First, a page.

After a tumultuous summer of back and forth negotiating, the people behind Die Hard 5 have made it official that John Moore will be the man directing the further adventures of Officer John McClane. It was reported back at the end of July that Moore was a near-lock for the spot, and that the fifth Die Hard film would take place in Russia and see McClane sharing the action with his son, who was just a tyke in the first film, but who is now all grown up. Then, just a few days later, reports came out that while the story synopsis was accurate, Moore was just one name on a short list that also included Joe Cornish, Nicolas Winding Refn, and Justin Lin. That made me happy because those other three have all made movies that I’ve liked better than anything I’ve seen from Moore. But alas, it wasn’t to be.

It seems that the holdup in hiring Moore was that Bruce Willis wasn’t sold on him as the director. The studio, they love Moore, but Willis, not so much. That all changed when, after a series of meetings, Moore sold Willis on both his love for the McClane character and his practical effects over CG approach to shooting action. I have to admit, while I also love John McClane and practical effects, I’m still not sold that Moore is the guy for this franchise. If a franchise as long in the tooth as Die Hard is going to continue, I think it needs someone edgier and more stylish to give it a shot in the arm. What I’ve seen from Moore in Behind Enemy Lines and Flight of the Phoenix has been capable enough, but kind of pedestrian. And despite the fact that Deadline Glendale’s article says Willis is very protective of who he lets direct these Die Hard movies, that just means that he’s the guy who let turd directors like Renny Harlin and Len Wiseman on board. His batting average is suspect.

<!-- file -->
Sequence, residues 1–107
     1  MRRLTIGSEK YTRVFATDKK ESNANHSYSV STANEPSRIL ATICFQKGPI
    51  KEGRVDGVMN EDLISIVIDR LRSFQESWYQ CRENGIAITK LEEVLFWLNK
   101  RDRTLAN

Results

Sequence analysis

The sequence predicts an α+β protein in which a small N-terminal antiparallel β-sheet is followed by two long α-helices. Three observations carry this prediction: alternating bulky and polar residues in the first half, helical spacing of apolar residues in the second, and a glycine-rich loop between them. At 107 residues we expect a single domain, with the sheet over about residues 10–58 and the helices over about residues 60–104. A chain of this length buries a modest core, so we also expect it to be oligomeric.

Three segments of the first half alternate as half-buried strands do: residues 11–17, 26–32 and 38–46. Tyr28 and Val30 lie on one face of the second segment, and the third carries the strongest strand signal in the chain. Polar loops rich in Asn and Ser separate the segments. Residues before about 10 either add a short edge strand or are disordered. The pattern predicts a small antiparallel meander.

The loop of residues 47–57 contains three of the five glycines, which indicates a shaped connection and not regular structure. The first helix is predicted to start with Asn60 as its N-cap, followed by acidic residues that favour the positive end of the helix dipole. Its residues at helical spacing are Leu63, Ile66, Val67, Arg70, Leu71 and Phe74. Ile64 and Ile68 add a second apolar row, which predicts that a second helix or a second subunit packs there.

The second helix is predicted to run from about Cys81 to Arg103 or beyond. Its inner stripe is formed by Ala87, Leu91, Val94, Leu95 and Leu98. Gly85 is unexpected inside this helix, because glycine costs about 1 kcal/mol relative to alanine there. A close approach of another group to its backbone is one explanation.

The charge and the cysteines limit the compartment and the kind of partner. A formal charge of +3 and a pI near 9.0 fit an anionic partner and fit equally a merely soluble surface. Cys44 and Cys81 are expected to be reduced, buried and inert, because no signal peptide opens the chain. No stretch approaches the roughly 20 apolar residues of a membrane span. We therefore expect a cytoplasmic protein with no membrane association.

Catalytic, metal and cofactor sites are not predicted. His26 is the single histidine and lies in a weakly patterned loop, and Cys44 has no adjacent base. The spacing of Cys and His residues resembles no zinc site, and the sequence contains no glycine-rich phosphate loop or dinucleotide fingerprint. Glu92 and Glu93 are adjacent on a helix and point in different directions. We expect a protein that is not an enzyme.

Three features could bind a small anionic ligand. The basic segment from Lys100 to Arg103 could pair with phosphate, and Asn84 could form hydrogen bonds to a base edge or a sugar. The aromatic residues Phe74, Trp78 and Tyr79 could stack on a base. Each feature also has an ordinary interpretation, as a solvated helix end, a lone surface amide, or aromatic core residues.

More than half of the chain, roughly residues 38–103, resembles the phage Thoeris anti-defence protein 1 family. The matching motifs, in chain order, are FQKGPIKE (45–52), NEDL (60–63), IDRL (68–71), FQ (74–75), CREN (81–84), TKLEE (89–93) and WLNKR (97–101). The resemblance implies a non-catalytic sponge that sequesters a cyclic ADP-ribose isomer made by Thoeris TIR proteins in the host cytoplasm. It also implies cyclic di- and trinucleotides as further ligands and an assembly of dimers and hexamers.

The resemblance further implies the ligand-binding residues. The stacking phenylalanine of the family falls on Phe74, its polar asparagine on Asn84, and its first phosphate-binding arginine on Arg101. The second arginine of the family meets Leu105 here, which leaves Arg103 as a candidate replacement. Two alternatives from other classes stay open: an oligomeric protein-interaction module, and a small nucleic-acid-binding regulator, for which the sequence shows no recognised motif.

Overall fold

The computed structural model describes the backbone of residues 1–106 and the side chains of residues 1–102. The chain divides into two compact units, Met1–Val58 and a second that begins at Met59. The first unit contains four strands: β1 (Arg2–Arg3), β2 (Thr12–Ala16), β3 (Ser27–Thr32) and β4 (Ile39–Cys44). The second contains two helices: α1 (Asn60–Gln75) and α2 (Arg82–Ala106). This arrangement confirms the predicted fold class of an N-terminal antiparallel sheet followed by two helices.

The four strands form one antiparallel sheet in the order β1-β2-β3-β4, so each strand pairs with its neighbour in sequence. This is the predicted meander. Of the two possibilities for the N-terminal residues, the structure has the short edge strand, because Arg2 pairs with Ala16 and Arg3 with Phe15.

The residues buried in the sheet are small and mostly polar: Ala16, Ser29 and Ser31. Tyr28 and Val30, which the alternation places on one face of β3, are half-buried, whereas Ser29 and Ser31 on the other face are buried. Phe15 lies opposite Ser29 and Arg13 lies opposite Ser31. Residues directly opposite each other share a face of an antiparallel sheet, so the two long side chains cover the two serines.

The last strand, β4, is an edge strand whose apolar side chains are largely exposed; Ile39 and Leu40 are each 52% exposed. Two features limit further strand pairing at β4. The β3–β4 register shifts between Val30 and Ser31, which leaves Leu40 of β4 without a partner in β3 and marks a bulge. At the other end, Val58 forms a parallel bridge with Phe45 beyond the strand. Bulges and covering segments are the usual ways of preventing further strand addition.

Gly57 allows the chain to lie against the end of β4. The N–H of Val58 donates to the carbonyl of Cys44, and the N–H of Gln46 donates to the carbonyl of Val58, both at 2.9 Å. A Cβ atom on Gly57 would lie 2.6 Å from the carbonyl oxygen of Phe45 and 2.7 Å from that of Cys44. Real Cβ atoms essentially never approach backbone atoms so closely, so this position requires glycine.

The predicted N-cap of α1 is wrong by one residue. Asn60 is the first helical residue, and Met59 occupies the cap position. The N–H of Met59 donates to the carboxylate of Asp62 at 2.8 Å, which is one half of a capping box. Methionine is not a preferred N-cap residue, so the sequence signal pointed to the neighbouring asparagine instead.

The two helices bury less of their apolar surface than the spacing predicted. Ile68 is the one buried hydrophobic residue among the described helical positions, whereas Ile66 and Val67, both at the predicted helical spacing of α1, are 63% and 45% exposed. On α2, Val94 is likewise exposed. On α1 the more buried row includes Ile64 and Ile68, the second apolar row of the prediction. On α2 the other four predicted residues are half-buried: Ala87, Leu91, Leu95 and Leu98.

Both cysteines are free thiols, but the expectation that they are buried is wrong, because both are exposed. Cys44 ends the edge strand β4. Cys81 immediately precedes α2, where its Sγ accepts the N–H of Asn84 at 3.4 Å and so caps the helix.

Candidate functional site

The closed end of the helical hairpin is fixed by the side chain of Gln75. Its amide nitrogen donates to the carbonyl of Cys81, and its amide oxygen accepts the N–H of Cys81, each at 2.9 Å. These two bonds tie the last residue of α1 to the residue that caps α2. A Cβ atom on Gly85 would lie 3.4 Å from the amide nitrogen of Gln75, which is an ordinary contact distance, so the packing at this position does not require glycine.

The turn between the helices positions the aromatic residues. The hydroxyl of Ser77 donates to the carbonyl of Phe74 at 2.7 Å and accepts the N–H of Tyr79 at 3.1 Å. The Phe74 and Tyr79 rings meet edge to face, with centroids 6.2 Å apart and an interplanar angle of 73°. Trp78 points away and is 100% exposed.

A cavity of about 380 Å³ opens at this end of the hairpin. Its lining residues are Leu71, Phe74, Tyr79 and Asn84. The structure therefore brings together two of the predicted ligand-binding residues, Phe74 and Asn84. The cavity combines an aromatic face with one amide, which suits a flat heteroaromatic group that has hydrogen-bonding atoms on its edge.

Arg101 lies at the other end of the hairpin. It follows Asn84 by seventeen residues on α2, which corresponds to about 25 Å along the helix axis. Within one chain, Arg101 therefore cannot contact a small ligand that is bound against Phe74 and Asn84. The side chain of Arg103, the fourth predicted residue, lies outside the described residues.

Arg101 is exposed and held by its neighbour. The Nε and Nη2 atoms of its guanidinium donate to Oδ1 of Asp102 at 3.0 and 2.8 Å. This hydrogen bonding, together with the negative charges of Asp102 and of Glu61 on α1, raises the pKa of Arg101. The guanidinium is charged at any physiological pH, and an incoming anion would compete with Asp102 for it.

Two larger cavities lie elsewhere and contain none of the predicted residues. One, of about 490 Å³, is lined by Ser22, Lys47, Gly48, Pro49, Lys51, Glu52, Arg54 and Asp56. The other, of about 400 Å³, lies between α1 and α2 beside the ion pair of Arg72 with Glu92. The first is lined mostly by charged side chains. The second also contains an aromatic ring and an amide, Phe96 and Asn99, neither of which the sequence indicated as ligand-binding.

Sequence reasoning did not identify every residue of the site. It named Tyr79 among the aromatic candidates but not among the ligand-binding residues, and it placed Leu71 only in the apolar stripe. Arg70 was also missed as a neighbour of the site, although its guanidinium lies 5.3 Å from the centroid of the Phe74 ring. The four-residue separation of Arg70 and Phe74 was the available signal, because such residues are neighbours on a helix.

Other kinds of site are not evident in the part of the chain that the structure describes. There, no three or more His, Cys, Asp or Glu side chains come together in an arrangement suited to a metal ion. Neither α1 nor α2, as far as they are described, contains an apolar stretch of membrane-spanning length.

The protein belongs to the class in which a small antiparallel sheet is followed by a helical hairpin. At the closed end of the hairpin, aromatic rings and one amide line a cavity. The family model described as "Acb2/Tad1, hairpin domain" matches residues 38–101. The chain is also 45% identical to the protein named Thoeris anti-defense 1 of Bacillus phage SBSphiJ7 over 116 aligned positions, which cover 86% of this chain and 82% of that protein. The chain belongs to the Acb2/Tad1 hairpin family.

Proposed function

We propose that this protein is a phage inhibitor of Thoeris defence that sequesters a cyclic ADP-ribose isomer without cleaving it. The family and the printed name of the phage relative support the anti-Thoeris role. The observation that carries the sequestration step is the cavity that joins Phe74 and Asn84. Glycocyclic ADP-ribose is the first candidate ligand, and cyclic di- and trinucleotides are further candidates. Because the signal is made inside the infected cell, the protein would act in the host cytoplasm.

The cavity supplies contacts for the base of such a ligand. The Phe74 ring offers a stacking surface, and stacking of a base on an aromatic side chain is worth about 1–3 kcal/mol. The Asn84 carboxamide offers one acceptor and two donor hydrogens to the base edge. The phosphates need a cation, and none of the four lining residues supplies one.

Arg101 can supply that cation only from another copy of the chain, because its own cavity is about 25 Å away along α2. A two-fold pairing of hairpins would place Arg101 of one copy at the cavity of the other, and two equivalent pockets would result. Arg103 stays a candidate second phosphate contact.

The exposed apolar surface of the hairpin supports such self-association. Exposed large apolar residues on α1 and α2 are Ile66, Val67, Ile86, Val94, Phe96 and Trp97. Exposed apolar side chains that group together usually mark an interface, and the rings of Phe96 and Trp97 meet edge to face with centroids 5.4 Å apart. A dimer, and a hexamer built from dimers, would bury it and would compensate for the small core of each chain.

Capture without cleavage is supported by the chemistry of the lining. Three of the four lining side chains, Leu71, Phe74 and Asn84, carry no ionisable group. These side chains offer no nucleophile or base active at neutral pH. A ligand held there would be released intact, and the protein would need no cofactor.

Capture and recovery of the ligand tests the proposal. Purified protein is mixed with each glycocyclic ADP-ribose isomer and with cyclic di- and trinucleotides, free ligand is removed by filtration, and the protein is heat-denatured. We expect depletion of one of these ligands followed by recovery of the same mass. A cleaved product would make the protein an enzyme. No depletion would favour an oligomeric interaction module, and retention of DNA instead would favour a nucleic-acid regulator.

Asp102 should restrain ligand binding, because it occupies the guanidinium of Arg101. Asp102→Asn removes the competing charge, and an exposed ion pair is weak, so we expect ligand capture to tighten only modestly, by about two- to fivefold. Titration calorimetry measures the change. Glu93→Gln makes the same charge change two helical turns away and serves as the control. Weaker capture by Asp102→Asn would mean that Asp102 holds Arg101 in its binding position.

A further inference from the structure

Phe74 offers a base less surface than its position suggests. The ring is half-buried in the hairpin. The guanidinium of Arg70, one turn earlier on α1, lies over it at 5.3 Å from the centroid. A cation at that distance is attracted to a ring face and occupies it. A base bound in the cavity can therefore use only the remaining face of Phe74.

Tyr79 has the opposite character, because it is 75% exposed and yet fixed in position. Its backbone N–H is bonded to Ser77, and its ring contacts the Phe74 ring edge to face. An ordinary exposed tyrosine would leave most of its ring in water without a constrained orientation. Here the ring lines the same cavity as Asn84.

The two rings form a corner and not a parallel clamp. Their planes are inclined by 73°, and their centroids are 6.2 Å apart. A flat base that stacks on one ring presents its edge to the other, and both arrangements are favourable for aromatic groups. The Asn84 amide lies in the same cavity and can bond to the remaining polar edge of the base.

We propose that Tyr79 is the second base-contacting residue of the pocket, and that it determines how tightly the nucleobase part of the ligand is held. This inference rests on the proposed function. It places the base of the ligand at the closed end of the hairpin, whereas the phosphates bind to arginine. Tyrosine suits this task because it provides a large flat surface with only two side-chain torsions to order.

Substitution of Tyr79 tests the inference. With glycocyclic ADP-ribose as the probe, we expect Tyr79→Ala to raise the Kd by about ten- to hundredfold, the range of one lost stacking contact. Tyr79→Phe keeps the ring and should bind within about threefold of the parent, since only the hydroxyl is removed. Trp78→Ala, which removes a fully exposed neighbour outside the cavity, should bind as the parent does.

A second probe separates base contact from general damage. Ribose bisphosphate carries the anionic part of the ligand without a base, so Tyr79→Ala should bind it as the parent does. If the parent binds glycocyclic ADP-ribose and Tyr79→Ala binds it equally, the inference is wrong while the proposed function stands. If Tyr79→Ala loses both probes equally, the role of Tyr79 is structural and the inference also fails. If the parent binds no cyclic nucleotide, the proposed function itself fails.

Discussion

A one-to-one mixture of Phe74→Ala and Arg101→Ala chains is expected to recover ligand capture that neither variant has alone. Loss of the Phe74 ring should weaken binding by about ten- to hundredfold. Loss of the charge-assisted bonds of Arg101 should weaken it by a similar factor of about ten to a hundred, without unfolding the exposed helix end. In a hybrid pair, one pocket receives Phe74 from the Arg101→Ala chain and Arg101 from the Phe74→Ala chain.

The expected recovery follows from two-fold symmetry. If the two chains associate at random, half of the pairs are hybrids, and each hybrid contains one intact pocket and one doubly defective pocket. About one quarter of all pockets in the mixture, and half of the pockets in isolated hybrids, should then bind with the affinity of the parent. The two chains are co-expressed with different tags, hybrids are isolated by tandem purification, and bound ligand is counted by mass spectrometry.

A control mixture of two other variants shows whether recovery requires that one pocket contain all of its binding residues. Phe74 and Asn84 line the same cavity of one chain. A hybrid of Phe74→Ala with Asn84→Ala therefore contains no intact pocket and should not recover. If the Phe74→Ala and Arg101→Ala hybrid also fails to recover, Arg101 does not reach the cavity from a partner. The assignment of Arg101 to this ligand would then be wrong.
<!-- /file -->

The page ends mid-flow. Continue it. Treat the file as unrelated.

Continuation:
Despite all that, I’m certainly willing to give Moore a chance. Die Hard is one of my favorite films of all time, and I can’t fault anyone for wanting to get their chance with the McClane character. That’s got to be a dream come true. He’s going to have an uphill battle to climb to make something that impresses people though, because I don’t think anybody even wants to see a Die Hard 5. I mean, I know Live Free or Die Hard made a lot of money, but wasn’t that just all of us testing out whether or not we’re done with the franchise? And after seeing it, didn’t we all agree that we were?


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